The Warren has a wide variety of coastal habitats: mobile and fixed dunes, grassland, scrub, ponds, reed bed, 'dune slacks', salt marsh and mudflat's. These habitats provide homes for a vast wealth of plants and animals.
Almost 600 different types of flowering plants have so far been recorded at Dawlish Warren. The high number of different species in such a relatively small area is due in part to the richness of habitat types found within the Reserve. Mobile dune, semi-fixed dune, fixed dune, salt marsh, scrub and freshwater wetland all have special plants which are adapted to the different prevailing conditions. Many of the Warren's special 'fixed dune' plants are very small - a way of coping with joint pressures of poor soil, dry summers, rabbit grazing and heavy trampling by human feet. It is probably most famous for the Warren Crocus (Romulea columnae). This small plant, with its lilac-blue flowers, grows on dry stable dunes amongst short grass and is found nowhere else in mainland Britain. It grows very close to the ground and its tiny flowers appear briefly at the end of March to early April. Another of Britain's rarest, and smallest, plants grows at Dawlish Warren - petalwort looks like a tiny lettuce only 2mm across!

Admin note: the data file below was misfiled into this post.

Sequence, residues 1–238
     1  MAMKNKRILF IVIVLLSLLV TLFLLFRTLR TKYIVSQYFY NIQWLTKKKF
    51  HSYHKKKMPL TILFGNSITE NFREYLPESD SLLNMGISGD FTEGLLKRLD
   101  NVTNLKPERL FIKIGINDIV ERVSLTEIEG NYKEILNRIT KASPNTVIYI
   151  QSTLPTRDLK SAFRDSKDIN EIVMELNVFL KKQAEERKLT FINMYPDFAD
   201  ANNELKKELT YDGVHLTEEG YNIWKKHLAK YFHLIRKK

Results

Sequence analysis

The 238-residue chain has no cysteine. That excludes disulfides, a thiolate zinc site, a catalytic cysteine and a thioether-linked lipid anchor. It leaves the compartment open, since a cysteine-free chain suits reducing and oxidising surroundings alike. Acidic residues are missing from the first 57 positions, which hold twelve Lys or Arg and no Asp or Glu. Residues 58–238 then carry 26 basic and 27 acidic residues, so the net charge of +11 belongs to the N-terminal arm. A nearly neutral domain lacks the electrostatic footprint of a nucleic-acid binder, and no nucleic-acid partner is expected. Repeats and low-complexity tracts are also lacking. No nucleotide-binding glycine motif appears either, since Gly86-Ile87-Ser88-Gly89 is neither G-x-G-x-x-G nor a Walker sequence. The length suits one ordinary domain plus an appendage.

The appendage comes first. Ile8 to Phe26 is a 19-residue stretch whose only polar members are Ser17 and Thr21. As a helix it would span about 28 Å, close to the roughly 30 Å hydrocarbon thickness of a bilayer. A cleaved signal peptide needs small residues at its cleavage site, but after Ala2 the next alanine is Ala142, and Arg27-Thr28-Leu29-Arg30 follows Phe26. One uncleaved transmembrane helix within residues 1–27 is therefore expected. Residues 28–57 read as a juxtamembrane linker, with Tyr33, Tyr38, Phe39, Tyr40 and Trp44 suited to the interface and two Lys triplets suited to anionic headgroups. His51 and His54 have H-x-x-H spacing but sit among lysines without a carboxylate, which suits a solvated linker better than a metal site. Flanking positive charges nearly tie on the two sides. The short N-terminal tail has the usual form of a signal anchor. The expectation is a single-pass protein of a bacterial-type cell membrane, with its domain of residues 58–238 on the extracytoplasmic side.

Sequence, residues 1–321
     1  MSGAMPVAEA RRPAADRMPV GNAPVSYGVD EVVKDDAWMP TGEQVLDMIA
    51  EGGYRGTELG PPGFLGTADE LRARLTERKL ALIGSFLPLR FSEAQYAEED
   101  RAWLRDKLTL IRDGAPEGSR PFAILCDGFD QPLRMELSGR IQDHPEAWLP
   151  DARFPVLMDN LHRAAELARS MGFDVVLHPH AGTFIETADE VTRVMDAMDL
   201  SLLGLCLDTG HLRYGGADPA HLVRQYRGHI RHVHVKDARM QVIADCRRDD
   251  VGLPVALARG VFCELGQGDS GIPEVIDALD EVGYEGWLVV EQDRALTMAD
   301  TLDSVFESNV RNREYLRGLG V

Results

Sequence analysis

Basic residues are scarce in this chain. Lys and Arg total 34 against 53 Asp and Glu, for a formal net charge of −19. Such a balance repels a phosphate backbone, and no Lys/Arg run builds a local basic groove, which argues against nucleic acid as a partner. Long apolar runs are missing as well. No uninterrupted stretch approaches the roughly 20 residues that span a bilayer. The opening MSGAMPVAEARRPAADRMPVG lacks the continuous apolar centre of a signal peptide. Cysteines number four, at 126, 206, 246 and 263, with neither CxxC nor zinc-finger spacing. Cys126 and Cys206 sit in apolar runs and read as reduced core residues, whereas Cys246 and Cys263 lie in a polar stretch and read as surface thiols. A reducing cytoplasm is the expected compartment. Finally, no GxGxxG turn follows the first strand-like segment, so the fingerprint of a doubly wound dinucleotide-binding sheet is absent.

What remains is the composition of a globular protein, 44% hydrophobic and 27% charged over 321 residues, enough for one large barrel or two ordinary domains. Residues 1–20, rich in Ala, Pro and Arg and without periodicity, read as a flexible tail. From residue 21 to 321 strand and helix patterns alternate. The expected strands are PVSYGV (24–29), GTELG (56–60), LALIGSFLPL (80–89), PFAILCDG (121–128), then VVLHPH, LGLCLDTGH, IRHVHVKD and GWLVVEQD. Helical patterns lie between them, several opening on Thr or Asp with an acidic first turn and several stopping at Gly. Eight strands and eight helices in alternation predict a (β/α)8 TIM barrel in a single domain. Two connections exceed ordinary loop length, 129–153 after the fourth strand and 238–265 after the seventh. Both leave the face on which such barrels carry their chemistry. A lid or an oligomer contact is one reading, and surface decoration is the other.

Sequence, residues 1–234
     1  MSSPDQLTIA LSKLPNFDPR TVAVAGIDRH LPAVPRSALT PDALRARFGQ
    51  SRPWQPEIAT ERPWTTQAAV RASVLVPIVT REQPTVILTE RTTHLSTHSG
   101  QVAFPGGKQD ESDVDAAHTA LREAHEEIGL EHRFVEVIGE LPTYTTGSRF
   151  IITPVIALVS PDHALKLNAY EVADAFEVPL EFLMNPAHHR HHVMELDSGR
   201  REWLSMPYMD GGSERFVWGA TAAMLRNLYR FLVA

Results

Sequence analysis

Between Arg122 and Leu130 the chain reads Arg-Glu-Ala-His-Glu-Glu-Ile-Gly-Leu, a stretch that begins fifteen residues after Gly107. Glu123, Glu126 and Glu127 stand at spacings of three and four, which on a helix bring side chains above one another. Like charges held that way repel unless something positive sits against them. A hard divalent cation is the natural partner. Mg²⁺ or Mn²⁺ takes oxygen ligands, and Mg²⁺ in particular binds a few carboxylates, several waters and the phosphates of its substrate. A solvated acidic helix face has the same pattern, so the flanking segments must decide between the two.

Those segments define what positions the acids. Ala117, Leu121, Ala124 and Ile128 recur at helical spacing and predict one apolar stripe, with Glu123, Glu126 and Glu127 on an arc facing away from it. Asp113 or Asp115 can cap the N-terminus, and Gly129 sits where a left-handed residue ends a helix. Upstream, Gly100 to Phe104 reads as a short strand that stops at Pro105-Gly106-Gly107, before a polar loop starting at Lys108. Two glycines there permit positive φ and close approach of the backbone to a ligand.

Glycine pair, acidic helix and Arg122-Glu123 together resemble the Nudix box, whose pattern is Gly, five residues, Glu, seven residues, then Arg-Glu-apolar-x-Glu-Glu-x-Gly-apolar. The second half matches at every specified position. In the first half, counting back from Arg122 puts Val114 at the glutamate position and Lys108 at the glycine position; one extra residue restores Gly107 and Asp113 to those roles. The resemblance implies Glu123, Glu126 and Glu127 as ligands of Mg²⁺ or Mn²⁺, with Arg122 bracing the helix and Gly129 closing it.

It is thought that 2000 species of invertebrate have been recorded there, including:
- jersey tiger moth,
- dragonflies, such as the rare ruddy darter, and
- solitary sand wasps which excavate tiny burrows and stock them with paralysed insect prey for their young.
A major attraction for many bird watchers is the large number of wading birds, ducks and geese. As the incoming tide covers the mudflat's, which form rich feeding grounds, the birds are steadily pushed up towards the high tide mark. Here they rest waiting for the tide to expose the feeding grounds again. This concentration of birds is a remarkable and exciting sight. From the bird hide overlooking the main roost it is possible to have thousands of birds, of up to 30 species, in view. These large numbers occur during the winter months, the birds having travelled from their northern breeding grounds as far away as Greenland and Siberia to spend the winter here. Many more birds pass through going further south for the winter, using the area to rest and refuel.
At high tide, the Warren offers one of the few safe roosting areas for these birds. Undisturbed roosting is vital for them. During their stay the birds need time to build up their strength for their onward journeys and they must save energy to survive a harsh winter. To help protect these birds it is essential that areas of the beach are kept free of people for three hours either side of high tide whilst the birds rest. Even a few unnecessary flights can mean the difference between life and death.